Some researchers are concerned that increasing testosterone levels higher than usual levels may raise blood pressure and create kidney function damage in men. Other researchers wonder whether it will lead to prostate disease as higher testosterone levels have been associated with prostate cancer and/or prostate enlargement (benign prostatic hyperplasia). Similarly, men who have existing prostate disease, high blood pressure or kidney disease, should probably not undergo clinical male hormone replacement. Yet, your doctor will be able to make the final decision on whether it is safe for you to try it.
It’s crucial, however, if you do undergo clinical testosterone replacement, that you be monitored regularly and carefully with prostate specific antigen tests, kidney function studies, blood pressure monitoring and blood hematocrit levels.
What’s Available For Clinical Male Replacement Therapy?
If you’re ready to try testosterone replacement via injection or another doctor-prescribed method, here are your options:
1. Oral route (pills or cheek placement): Most pills are really not that effective and not prescribed within the United States as they can be toxic to the liver. The only pill form that is an exception to this is the testosterone undecanoate form which is absorbed by the lymphatic system, rather than the liver, but must be taken 4 times a day. However, it too is not available in the United States at this time.
2. Injections: The most commonly prescribed form of male HRT. These include cypionate and Sostenon 250, et al. Usually given every 2-3 weeks, it can also be done by self-injection though you might not want to. Side effects can include pain and bleeding at the site of injection, bursts of testosterone out of normal range right after injection and low levels right before a scheduled injection. It is felt that 200 mg every 2 weeks is a good dosage to avoid the highs and lows of testosterone levels with injections. Costs are about $30 a month.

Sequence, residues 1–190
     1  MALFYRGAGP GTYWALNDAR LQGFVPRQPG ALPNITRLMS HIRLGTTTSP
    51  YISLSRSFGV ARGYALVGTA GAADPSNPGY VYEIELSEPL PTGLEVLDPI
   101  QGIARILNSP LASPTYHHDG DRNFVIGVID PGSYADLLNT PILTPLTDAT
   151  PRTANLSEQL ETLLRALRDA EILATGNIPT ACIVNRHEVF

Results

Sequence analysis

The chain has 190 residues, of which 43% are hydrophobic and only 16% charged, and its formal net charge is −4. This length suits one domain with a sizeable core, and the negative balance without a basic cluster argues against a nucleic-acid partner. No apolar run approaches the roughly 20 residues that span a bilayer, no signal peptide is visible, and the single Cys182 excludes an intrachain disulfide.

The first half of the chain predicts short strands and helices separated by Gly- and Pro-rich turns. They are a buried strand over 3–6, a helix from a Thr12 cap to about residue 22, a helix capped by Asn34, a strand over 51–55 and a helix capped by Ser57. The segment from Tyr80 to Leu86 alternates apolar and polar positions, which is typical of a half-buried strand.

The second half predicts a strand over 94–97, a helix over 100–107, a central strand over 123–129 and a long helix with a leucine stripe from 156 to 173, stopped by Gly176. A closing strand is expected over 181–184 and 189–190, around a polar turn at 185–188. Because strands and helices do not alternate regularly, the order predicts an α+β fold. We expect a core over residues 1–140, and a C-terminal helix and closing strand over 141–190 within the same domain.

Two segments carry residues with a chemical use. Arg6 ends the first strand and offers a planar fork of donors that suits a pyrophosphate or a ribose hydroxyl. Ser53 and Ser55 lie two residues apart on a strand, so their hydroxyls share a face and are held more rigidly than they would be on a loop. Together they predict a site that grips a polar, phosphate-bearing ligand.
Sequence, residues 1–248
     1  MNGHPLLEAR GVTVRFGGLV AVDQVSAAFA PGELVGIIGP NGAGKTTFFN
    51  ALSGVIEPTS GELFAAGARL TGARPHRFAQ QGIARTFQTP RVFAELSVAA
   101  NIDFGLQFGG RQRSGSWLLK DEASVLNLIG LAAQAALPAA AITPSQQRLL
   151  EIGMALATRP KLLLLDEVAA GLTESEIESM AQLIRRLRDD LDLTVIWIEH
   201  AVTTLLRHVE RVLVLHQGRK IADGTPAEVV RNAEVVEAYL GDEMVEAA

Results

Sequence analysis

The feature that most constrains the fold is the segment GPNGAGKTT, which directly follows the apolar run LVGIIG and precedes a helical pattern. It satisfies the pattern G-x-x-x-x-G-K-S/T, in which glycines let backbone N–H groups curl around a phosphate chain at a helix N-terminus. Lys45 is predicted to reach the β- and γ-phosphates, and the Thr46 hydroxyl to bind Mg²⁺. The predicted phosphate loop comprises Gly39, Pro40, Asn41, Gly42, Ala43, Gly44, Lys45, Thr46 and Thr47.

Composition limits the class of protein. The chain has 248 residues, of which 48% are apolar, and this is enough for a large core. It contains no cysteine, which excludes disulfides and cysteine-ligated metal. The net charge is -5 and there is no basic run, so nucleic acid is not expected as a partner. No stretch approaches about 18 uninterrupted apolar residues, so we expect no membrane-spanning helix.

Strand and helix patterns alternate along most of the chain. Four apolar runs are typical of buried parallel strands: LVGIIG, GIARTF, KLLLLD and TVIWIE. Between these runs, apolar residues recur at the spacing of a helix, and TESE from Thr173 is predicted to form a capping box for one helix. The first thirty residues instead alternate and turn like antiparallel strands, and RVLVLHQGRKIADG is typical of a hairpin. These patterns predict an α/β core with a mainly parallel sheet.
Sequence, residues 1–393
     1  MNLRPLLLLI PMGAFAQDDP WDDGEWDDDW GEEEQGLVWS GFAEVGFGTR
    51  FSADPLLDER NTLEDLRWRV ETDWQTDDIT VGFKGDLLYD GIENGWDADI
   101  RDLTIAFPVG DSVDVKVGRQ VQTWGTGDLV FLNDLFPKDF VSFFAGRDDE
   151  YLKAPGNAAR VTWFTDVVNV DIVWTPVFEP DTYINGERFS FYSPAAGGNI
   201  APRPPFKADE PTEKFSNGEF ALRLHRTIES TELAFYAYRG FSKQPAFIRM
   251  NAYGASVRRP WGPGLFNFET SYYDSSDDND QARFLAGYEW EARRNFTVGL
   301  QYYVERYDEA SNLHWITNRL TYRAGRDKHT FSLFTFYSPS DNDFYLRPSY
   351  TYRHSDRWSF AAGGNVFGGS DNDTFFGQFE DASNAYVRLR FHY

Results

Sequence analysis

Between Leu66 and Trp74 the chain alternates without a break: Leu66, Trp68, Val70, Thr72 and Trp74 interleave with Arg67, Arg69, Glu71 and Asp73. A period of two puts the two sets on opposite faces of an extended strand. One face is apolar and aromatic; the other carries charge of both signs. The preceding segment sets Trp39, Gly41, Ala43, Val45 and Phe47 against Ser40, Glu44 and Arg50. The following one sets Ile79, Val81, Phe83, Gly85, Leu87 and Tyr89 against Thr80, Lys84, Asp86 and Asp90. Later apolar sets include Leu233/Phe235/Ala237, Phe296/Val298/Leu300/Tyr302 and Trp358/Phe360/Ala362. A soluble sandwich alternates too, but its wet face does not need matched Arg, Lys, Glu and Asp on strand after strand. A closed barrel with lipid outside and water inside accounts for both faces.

3. Gels: These include AndroGel, AndroDerm, Axiron and are gel/liquid forms that are rubbed into the skin usually at bedtime. The biggest drawback of these is that of transference of hormone to another person if the gel has not completely been absorbed out of the skin before close contact with another person. Must be kept away from children and pregnant women. Axiron is applied under the arms and may help avoid the transference issue.
4. Patches/Transdermal: Testosterone delivered daily via the skin through patches. Thought to without the side effects of injectable testosterone. Side effects can include reaction dermatitis to the patch itself. In addition, they’re costly – (up to $200 a month).
There you have the basics of male hormone replacement that can be prescribed by your doctor. As my patients know, I always recommend that they try the natural methods of boosting testosterone levels for a good amount of time and see how they feel. However, if you are like those patients who feel that their symptoms are not relieved by natural methods and you wish to try the stronger, clinical route of testosterone replacement, do contact your doctor who can address your specific testosterone issues directly.
Mark Rosenberg, M.D.
Natural Health News
Types of Testosterone Replacement, http://www.medscape.com/viewarticle/543997_7
Testosterone Replacement – Is It Safe? http://men.webmd.com/news/20040223/testosterone-replacement-therapy-is-safe?page=2
Photo Credit: iimcs.org